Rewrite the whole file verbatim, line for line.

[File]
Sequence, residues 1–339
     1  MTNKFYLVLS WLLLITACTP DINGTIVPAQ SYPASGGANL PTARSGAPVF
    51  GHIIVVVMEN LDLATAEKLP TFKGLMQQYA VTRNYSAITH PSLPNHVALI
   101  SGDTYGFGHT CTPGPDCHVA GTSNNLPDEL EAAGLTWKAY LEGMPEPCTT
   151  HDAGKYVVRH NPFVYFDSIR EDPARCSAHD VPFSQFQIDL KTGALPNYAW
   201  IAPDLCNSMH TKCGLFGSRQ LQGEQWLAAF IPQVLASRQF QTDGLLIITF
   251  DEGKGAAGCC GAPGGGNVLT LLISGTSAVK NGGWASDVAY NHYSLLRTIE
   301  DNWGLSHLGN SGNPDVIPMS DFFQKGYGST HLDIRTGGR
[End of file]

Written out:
Sequence, residues 1–339
     1  MTNKFYLVLS WLLLITACTP DINGTIVPAQ SYPASGGANL PTARSGAPVF
    51  GHIIVVVMEN LDLATAEKLP TFKGLMQQYA VTRNYSAITH PSLPNHVALI
   101  SGDTYGFGHT CTPGPDCHVA GTSNNLPDEL EAAGLTWKAY LEGMPEPCTT
   151  HDAGKYVVRH NPFVYFDSIR EDPARCSAHD VPFSQFQIDL KTGALPNYAW
   201  IAPDLCNSMH TKCGLFGSRQ LQGEQWLAAF IPQVLASRQF QTDGLLIITF
   251  DEGKGAAGCC GAPGGGNVLT LLISGTSAVK NGGWASDVAY NHYSLLRTIE
   301  DNWGLSHLGN SGNPDVIPMS DFFQKGYGST HLDIRTGGR